Leave it be!
Today’s post in the “How to suck at gardening and still feed your family” series: what to do with the old peas that you somehow overlooked while harvesting.
The pod is turning yellow and drying out. By this stage, this pea is still edible but the flavor would be more starchy than sweet.
I used to pick these and compost them, or toss them as a treat to our small flock of backyard hens. They love peas almost as much as I do, and don’t really care if they are a bit past their prime!
But then I learned that peas are self-pollinating. For the most part, any given flower on a pea plant is most likely to fertilize itself, meaning that it will produce seeds whose characteristics are true to the parent plant. (OK, technically this only happens for open pollinated rather hybrid plants … but there are a lot fewer hybridized versions of peas than, say tomatoes.)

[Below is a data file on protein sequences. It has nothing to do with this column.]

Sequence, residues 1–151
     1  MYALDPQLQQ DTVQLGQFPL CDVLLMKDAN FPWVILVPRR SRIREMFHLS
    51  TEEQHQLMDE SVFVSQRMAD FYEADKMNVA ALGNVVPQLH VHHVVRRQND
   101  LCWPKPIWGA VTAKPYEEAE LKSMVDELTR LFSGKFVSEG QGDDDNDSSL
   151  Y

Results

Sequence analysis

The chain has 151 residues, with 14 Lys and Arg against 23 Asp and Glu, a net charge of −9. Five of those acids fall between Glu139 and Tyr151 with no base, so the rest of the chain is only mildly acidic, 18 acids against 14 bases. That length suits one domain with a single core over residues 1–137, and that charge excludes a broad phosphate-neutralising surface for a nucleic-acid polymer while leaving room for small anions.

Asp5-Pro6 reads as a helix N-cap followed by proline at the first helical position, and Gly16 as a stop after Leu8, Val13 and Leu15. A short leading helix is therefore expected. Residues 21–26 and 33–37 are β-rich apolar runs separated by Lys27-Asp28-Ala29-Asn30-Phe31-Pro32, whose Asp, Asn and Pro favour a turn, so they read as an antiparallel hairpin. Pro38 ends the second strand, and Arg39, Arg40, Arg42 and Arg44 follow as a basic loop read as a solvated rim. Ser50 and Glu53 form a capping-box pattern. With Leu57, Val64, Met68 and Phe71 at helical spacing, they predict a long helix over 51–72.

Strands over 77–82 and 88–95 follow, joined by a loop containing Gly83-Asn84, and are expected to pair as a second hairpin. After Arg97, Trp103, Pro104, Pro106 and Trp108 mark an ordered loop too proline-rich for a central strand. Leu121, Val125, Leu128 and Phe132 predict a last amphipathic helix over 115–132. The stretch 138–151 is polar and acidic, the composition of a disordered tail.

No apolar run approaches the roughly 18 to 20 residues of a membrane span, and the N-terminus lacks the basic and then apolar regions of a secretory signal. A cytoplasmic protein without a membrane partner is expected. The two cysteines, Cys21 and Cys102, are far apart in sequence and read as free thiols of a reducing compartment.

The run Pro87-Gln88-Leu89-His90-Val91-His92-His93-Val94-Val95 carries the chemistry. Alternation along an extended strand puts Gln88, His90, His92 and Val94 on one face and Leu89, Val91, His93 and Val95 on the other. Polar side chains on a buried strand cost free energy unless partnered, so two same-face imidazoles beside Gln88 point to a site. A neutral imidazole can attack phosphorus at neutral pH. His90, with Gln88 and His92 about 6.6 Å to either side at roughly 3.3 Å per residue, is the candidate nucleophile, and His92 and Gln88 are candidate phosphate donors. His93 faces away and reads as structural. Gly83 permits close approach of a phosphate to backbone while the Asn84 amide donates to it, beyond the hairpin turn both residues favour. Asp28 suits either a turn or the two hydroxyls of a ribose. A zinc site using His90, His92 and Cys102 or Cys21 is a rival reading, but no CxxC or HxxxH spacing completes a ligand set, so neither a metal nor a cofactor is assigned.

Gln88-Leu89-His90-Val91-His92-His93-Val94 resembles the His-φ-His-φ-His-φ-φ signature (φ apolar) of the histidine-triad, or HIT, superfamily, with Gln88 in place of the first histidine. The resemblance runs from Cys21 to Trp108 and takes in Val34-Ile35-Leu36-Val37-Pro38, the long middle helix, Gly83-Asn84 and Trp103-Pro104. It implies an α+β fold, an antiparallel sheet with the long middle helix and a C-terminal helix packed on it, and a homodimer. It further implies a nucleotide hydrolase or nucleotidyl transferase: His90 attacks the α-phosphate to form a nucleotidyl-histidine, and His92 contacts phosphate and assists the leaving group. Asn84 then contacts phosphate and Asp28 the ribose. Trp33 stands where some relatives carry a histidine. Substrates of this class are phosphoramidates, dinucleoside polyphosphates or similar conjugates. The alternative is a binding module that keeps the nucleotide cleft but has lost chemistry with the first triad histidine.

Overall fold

So rather than tossing these too-old-to-eat-peas, now I leave them on the plant to the bitter end. As I am pulling up the dead, withered plants, I locate those peas and collect them to dry and plant next season. This year, I even plan to label them so I know which variety of pea is which! (Oops?)
(As an aside, I plant several cultivars of pea – and many of the other vegetables I grow – because they each have slightly different conditions in which they thrive. For instance this has been an amazing year for the sugar snap peas, although it’s only been “ok” for the bush-size shelling peas.)
Once the peas are collected and dried thoroughly, they can be stored in envelopes until the next time you plant. Peas, in central MD, can be planted both in the spring and fall. By keeping your own pea seeds, you become more self-sufficient and less reliant on businesses that want to control (monetize) every aspect of our lives. Additionally, you can harvest seeds from plants that do especially well in your growing conditions, or that have a particularly good flavor, and continue those strains that work best for you!